Shops and restaurants in Seattle's stadium district suffered through a long year without fans attending professional sporting events.
Shops and restaurants in Seattle’s stadium district suffered through a long year without fans attending professional sporting events.
As Mariners fans geared up to see a baseball game in-person again, Seattle businesses excitedly prepared to see customers again.
Erin Nestor, owner of 2 Doors Down, said the road to Opening Day hasn’t been smooth. Nestor originally planned on debuting her restaurant last April, but then the COVID-19 pandemic hit, putting her well-laid plans on hold.
“We waited until August. We couldn’t wait any longer, and for quite some time, we were primarily a to-go business,” Nestor recalled.
Her restaurant wasn’t alone.
As 2020 wore on, Pioneer Square restaurants and shops lined empty streets. Less foot traffic meant some hard choices had to be made.
“It was very unpredictable,” said Tom Stocks, sales director of Taylor Shellfish Farms. “Once we worked through the apprehension and the fear of everything in the beginning, then it was just wondering when we were going to stop, when we were going to start. We had one business we were able to keep open all the way through doing take-out and retail. But our other locations, mainly dedicated to indoor dining, we never clearly knew when we were going to go, when we were going to stop. That jigsaw puzzle of 25% was certainly challenging.”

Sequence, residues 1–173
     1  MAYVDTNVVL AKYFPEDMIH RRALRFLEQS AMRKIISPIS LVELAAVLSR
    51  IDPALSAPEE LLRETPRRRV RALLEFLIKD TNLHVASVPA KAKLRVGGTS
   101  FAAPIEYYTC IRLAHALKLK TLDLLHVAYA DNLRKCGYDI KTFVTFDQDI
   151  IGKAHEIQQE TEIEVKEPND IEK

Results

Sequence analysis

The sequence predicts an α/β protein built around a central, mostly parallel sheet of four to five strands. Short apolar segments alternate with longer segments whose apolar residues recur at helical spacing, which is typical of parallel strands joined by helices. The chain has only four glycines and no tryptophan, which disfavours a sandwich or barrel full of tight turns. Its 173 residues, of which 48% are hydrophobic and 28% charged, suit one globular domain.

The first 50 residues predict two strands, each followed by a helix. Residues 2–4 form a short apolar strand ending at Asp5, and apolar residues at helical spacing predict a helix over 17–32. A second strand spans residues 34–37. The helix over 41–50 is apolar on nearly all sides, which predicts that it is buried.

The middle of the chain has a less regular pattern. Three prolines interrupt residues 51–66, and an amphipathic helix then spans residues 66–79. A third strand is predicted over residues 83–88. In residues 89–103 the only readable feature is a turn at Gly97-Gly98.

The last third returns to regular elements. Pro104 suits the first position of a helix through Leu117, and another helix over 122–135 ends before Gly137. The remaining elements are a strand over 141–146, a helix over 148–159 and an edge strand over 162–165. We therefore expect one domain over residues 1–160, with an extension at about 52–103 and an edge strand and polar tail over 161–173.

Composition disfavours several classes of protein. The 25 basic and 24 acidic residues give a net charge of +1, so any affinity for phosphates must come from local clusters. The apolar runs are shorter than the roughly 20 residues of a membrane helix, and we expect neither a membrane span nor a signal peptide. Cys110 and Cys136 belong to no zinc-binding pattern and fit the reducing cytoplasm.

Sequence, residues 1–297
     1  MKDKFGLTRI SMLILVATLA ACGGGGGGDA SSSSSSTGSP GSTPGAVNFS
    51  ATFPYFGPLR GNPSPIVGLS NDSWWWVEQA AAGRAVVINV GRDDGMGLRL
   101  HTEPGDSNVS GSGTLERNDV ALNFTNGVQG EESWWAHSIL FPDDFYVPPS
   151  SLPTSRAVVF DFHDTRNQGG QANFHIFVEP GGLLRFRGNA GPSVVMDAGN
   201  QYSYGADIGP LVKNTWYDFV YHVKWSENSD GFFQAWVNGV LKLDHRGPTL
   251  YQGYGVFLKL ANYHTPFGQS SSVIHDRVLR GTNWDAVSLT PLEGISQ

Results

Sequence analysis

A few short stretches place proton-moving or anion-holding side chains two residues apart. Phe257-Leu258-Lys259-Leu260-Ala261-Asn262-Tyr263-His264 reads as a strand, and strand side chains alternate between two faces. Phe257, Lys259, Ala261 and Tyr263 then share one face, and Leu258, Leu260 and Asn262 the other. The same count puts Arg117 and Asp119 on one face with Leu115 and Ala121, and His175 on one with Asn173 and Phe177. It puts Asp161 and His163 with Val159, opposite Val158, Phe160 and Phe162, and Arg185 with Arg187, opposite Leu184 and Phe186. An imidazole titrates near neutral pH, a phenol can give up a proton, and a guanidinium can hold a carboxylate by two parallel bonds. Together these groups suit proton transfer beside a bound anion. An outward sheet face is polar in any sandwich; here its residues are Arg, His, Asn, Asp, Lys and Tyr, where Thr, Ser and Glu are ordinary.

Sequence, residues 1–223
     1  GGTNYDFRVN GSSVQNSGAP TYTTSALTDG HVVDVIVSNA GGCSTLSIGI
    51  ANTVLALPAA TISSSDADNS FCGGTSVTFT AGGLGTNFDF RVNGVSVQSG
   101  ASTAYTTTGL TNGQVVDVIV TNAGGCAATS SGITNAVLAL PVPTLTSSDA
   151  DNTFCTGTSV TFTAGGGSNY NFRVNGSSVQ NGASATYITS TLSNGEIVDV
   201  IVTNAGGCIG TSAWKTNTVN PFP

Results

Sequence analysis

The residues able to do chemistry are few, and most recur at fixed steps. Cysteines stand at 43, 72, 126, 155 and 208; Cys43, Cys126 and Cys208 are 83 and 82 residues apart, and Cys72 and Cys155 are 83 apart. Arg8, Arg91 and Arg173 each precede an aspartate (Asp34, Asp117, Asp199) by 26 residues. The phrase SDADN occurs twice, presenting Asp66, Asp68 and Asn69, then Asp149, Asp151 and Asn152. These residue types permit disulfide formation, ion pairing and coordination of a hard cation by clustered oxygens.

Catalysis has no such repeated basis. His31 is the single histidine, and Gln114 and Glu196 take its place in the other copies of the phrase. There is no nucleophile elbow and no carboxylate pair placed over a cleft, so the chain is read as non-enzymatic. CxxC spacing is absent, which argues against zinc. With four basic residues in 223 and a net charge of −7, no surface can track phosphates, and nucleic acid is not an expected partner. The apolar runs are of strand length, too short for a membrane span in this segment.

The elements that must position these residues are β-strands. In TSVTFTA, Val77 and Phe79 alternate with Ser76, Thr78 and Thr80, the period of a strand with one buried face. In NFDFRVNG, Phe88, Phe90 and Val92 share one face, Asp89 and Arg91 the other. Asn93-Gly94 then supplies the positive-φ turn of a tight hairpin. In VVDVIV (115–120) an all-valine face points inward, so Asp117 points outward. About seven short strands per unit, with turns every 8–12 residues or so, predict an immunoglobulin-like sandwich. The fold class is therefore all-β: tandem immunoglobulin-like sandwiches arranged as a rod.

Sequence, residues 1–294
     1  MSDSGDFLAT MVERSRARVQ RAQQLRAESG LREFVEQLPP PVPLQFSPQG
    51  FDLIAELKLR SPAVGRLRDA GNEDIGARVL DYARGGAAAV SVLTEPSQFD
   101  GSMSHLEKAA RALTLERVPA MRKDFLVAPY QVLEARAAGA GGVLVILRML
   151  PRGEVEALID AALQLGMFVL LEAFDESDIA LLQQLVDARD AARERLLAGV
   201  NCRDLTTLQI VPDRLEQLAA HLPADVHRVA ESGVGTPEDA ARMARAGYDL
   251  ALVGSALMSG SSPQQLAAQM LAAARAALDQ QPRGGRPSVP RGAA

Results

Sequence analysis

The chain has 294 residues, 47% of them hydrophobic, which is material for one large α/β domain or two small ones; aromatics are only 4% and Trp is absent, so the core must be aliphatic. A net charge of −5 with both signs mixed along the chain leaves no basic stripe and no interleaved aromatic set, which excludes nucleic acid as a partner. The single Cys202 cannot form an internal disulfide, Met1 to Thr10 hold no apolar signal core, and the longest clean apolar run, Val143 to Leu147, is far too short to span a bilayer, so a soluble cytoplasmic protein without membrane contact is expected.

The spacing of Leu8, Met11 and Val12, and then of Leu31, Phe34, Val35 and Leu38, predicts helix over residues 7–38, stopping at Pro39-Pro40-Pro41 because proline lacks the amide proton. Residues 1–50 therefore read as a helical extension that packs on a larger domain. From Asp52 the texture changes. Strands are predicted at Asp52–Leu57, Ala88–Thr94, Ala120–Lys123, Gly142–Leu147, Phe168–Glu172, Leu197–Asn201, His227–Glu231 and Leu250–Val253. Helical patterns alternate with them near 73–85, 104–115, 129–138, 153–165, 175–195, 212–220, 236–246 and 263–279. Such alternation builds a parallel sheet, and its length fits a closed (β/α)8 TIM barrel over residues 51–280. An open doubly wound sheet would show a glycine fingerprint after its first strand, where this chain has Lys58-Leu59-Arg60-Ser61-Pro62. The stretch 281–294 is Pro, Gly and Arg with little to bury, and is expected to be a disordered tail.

But community leaders are seeing signs of hope for Pioneer Square.
“As the Phase 3 announcement came in, vaccines roll out, and summer kind of rolls in as well, a lot of businesses are hopeful for what the next couple of months hold for the neighborhood and the future of the neighborhood, too,” said Chris Woodard, business development director for the Alliance for Pioneer Square.
Now that baseball is back, business owners are hopeful that the worst is behind them. But they also know things will be different moving forward.
“People tend to be a lot more responsible, and they’re very cognizant about how they’re interacting with people and the [social] distance,” said Adam Trent, general manager of Cone and Steiner. “But I think there’s also a lot more goodwill, too, because people haven’t had much of a chance to get out. So when they do see someone else walking down the street, it’s a good day to celebrate.”
But if things do take a turn for the worse, Nestor and other business owners say they’re ready.
“One thing I’ve learned is to never take anything for granted,” Nestor said. “Just because it has worked in the past doesn’t mean it’s going to work under these circumstances. We do not want to lay anyone off as we did on March 15, a year ago. We had to let ten people go. So we’re keeping it as lean as we possibly can while providing the best service we can under these circumstances.”